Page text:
Photo courtesy of Rebecca Chaffee Godwits line the breakwater float at the Tokeland Marina. A master plan has been produced for the redevelopment of the marina in Tokeland.
The project came about through the query of a local birder who wondered what would become of godwits – a shore bird that finds refuge at the marina – if the old floats were to be removed. Those attending a 2010 Tokeland/North Cove Chamber of Commerce meeting decided to ask Rebecca Chaffee, manager at the Port of Willapa Harbor, and a representative from the Grays Harbor Audubon Society to provide some answers. (See April 24th article about the Tokeland involvement.)
Over the next several months, the community became involved in taking a look at short- and long-term goals for their area. As a result, the community will see vast improvements in the marina locale, beginning in 2014.
Chaffee’s involvement in the process has been extensive, and she is as thrilled at the plans and progress as the Tokeland citizens.
Top priorities included marina improvements, which fell under the auspices of the port. Originally, “we focused on recreation – public restrooms, landscaping, parking, some transient moorage – because all that was fundable through a Recreation Conservation Organization (RCO) grant,” Chaffee said.
“Then out of the clear blue, we had an opportunity to apply for this CERB (grant), and they are focused more on the economic vs. recreation. So then we added the component that we hadn’t included in the RCO grant, because it wasn’t eligible – the commercial pier, which is also falling down, and replacing that café building with some sort of commercial building.”
She described the CERB – Community Economic Revitalization Board – grant as a “once in a lifetime” opportunity. The 2012 state legislature set aside $12 million to be awarded to communities for economic development and revitalization. The Port of Willapa Harbor was one of only 10 entities approved for CERB funding; the port will receive $500,000 for the Tokeland redevelopment through this unique offer.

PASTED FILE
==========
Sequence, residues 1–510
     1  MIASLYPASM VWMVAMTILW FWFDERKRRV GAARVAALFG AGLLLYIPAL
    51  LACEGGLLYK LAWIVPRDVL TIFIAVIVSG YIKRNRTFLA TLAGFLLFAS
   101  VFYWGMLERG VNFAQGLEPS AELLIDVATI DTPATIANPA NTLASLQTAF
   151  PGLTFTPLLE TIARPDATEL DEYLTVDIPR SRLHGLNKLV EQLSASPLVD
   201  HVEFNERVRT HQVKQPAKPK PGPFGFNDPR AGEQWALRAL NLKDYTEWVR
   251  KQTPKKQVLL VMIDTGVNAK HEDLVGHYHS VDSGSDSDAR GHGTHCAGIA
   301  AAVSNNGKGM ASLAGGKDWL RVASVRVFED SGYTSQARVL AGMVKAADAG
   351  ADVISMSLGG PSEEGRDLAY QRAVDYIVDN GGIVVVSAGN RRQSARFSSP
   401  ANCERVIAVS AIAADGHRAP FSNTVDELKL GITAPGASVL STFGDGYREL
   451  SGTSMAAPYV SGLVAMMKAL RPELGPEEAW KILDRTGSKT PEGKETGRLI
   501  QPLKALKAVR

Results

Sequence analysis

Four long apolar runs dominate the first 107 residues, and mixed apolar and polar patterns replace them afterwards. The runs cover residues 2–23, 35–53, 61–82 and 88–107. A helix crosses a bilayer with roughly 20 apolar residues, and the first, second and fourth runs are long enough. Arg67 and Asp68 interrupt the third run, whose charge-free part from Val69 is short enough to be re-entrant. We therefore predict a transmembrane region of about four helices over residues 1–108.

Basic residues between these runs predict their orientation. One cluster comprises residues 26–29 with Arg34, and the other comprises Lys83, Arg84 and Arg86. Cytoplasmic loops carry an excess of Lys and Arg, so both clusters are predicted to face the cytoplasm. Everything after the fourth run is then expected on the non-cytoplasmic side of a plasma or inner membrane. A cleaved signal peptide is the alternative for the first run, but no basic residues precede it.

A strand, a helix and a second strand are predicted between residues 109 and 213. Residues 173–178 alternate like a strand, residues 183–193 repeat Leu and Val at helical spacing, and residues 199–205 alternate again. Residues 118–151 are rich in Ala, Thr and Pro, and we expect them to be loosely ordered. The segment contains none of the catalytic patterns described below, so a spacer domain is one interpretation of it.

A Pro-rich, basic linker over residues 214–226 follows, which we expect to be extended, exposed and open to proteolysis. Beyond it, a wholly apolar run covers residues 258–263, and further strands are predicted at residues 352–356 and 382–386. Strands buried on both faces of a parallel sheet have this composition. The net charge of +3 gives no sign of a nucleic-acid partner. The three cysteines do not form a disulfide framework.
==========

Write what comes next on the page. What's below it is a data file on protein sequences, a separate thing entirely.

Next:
The good news keeps growing.
“We had an opportunity to apply for a federal grant that is called Rural Business Enterprise Grant (RBEG), and that one we really honed in on funding for the building,” Chaffee said, referring to plans to replace the old café.
“We decided to do a small commercial kitchen in the building and make it available to small producers of cranberry products or berry products or baked goods. Most people can’t bake in their homes because of the commercial kitchen (requirement).” Having a small commercial kitchen available to the community will enable vendors to make their jams, jellies “or whatever” for sale to the public, Chaffee said.
A spur off that idea is to provide an “incubator” atmosphere for vendors, “to help them with things like online marketing and other business practices, to try to help them grow beyond just selling four jars of jams.” For instance, Westport Winery is working with Tokeland’s Nelson Crab Company to have specialty labeled wines for the community.
Each new facet adds interest, Chaffee said. “That, to me, is a fun little twist to the marina.
“Sometimes these grants guide you in a direction you may not want to go, but sometimes they make you hone in on what you could do not only to attract their funding, but also to make it a more interesting project.
“The USDA really liked that because they have been in rural communities and have seen the need for a commercial kitchens. It fit with what they wanted to do and it made us think in more detail about what we wanted to do. So it kind of came together.”
Construction on the marina redevelopment likely won’t begin until next year, partly because of the funding process. For instance, Chaffee doesn’t anticipate getting the RCO funds ($665,000) until late summer or early fall since the state budget hasn’t been approved yet.
“A major piece of that project is one structure that acts as a breakwater but also as a transient float in the summertime. That’s going to be made off-site. It’ll take six months to get it. What I’m hoping to do is this fall order the float and then it would be delivered to us next construction season.”
In the meantime, “I’m trying to juggle having time to accumulate more local match, like this USDA money and some more local sales tax money, and I just got the opportunity to apply for more federal grant money.”
Once started in 2014, the port must complete work within two years. “I don’t know that it will take two years, but it might. We’re going to do a lot of the work ourselves, because we can use our own labor as match,” she noted.
Local contractor Mike Dennison, hired as a port employee, will oversee much of the work. More local hires are expected as the project develops.
Port responsibility for the Tokeland marina goes back to 1928, although “the marina has been there in some form probably since the early 1900s,” Chaffee said.
“Working with the Sustainable Tokeland (group) was tremendously helpful,” she said. “One, you get a better project when you get so many people to help. Then, when you go for funding, you have that documentation of community involvement. It was really important that we had that participation.”
She plans to continue searching for funds for further developments. While CERB funds probably will not be available again, RCO grants are available every other year. “I’d like to do a Phase 2 and apply for additional funds for more shoreline erosion (control), do a sewer pump out, make another transient dock. It would be nice to get that done. The marina really hasn’t had any improvements in who knows how many years.”